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On March 9, the Biden administration may have felt that it dodged a bullet when conservative Yoon Suk-yeol was elected president of the Republic of Korea (ROK, aka South Korea) for a five-year term.

Unlike his defeated leftist opponent and the previous Moon Jae-in administration, Yoon strongly supports the ROK-U.S. alliance. Its military component favors a tough stance toward North Korea, is suspicious of China, and is even willing to get relations with Japan back on track.

Now American and South Korean alliance managers can get to work rebuilding defenses—and doing what’s necessary to handle North Korea while keeping an eye on China’s steadily expanding military might.

Focusing on defense is important—and essential. But the Americans should also pay close attention to the South Korean economy. This will do as much to bolster the alliance as anything on the defense front.

You see, Yoon and the conservatives (by definition “pro-American”) won by a razor-thin margin–about 250,000 votes out of 34 million votes cast. And while foreign affairs and North Korea are not unimportant to many voters, it’s the economy that matters most for a majority. Former Moon’s leftist administration’s failure to deliver on the economy—jobs and housing in particular—over the last five years is most likely what sunk the leftist candidate two weeks ago.

So helping Yoon improve South Korea’s economy—and getting credit for it—is in Washington’s self-interest, if not an urgent strategic imperative.

Recent history explains why Team Biden should act soon if U.S. and South Korean defenses are to be strengthened, a less accommodating stance toward China and North Korea is to be taken, and ROK-Japan ties to be improved.

In 2017, the United States deployed a THAAD anti-missile defense system in South Korea. The Chinese complained—and also did something about it.

Beijing put fierce economic pressure on South Korea generally and on the vast Lotte Group’s operations inside China specifically. Lotte had provided the land for basing THAAD batteries in ROK. The pressure was such that Lotte ultimately shuttered its China operations. Other strong-arm tactics included restricting Chinese tourism to South Korea and blocking online trade in South Korean goods. The South Korean economy—and citizenry—took a massive hit.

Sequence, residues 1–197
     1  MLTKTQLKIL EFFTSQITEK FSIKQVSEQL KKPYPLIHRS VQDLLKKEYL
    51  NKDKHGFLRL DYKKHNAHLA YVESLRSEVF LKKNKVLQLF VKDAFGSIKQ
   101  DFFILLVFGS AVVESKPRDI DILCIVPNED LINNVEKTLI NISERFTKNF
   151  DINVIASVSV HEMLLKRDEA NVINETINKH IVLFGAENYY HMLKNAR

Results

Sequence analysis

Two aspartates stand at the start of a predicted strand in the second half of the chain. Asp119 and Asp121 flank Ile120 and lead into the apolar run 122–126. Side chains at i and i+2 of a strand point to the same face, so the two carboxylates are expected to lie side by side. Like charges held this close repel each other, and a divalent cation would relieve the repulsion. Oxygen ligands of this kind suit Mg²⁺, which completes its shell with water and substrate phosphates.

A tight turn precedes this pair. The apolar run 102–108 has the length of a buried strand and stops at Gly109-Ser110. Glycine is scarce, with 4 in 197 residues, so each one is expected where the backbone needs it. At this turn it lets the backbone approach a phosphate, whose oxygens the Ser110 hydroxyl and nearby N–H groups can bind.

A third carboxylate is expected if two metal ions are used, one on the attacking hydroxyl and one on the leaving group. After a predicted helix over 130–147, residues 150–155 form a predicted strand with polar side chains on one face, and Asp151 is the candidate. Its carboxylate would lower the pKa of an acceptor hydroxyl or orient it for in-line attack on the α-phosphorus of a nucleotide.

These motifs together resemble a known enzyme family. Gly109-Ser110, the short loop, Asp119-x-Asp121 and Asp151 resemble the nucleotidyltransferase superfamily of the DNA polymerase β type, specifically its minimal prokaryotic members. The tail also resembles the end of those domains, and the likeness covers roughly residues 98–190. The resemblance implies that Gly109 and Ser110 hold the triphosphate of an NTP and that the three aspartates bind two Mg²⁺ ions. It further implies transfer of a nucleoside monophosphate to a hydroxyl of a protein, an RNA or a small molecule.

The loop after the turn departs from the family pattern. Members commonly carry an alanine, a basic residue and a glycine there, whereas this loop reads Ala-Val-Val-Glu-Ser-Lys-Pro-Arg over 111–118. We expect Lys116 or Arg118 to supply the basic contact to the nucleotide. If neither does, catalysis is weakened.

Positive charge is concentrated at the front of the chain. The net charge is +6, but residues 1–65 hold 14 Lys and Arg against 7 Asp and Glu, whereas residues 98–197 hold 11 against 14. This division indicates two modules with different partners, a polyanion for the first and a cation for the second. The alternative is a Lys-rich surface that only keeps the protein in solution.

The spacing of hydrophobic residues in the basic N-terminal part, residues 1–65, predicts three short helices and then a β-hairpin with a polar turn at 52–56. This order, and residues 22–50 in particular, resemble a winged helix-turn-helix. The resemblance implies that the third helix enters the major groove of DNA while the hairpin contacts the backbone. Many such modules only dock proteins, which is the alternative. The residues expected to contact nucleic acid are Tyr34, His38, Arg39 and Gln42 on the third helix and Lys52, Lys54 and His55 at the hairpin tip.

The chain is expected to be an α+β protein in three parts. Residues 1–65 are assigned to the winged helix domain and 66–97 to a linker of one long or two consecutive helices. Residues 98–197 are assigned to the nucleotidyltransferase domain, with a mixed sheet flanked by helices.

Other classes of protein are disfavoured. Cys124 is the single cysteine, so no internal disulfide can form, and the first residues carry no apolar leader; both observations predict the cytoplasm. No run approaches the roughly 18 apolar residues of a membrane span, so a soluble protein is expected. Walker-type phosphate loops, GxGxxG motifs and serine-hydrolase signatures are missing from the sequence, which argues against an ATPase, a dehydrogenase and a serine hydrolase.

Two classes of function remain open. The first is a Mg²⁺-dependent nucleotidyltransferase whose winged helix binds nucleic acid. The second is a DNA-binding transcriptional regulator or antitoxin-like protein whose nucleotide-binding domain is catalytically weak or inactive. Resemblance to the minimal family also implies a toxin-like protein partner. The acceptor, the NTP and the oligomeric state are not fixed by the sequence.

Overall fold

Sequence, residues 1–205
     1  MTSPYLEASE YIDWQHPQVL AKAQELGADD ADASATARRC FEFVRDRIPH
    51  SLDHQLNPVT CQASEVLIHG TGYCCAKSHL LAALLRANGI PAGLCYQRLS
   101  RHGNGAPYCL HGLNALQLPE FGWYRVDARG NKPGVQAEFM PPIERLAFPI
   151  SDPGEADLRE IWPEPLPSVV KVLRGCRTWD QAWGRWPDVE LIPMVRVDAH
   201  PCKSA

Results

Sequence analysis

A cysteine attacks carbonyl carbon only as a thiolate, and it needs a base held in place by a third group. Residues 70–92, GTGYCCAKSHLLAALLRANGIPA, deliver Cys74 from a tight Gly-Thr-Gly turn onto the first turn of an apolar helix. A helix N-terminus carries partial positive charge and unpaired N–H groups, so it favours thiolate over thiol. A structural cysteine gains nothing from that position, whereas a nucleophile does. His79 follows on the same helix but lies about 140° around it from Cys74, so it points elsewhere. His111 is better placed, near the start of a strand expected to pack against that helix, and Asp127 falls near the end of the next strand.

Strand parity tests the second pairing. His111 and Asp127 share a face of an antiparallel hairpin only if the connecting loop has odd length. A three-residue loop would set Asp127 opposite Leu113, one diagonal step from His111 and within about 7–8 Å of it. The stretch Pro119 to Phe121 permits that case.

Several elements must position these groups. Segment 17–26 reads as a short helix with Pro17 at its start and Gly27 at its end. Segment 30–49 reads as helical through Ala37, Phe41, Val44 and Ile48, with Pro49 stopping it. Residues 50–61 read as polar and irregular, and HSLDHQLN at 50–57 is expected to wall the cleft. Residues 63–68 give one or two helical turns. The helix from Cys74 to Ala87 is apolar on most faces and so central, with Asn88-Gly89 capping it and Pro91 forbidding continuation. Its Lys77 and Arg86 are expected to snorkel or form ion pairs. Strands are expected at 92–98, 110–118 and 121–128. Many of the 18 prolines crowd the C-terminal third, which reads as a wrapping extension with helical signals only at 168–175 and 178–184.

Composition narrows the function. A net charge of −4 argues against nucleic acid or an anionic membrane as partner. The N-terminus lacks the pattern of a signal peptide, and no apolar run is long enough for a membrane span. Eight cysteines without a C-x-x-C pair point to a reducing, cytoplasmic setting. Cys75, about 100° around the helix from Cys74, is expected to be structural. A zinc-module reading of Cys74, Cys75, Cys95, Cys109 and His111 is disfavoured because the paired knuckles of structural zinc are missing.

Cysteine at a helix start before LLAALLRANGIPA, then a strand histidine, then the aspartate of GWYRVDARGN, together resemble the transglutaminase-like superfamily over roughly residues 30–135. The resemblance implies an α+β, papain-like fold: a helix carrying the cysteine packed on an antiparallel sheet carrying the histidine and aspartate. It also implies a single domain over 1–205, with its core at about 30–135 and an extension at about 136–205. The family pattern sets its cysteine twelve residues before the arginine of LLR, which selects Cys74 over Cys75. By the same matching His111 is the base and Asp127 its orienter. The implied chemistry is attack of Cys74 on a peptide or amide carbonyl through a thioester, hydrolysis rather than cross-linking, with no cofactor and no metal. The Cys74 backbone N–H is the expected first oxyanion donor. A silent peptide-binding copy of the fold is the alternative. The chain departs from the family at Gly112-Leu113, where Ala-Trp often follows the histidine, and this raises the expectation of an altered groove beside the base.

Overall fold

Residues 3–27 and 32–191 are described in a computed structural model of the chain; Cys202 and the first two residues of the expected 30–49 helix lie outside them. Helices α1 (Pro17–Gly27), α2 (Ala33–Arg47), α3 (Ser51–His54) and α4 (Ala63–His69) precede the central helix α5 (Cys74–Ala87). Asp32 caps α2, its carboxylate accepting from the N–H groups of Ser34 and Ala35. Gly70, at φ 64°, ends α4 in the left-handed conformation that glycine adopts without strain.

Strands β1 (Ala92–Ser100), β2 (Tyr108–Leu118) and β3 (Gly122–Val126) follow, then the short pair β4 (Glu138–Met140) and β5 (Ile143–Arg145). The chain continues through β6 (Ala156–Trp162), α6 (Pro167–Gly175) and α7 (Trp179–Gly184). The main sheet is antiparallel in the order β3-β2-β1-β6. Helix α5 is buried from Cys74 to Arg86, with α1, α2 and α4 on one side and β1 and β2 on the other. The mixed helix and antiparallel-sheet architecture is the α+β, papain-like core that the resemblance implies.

Reeling from the Chinese economic assault, then-President Moon (who was already at best ambivalent toward the United States) offered up the “three nos” to Beijing: 1) no additional THAAD deployments; 2) no participation in an integrated U.S. missile defense network; 3) no trilateral alliance with the United States and Japan.

That’s quite a strategic knock-on effect from mere economic pressure. It also energized opposition voices in South Korea, allowing them to claim the U.S. relationship wasn’t worth the economic or security “costs” of offending China. The alliance with the United States was at least shaken.

Making things even worse, when Beijing clamped down economically on South Korea, the Trump administration did not take advantage of the opportunity and step in and back up Seoul. Instead, South Korea was left to suffer and fend for itself.

Learning from that and being aware of the closeness of the vote, it should be easy for the Biden people to figure out what to do with South Korea. Here is a specific example, an idea for a more comprehensive approach and a way to fight back.

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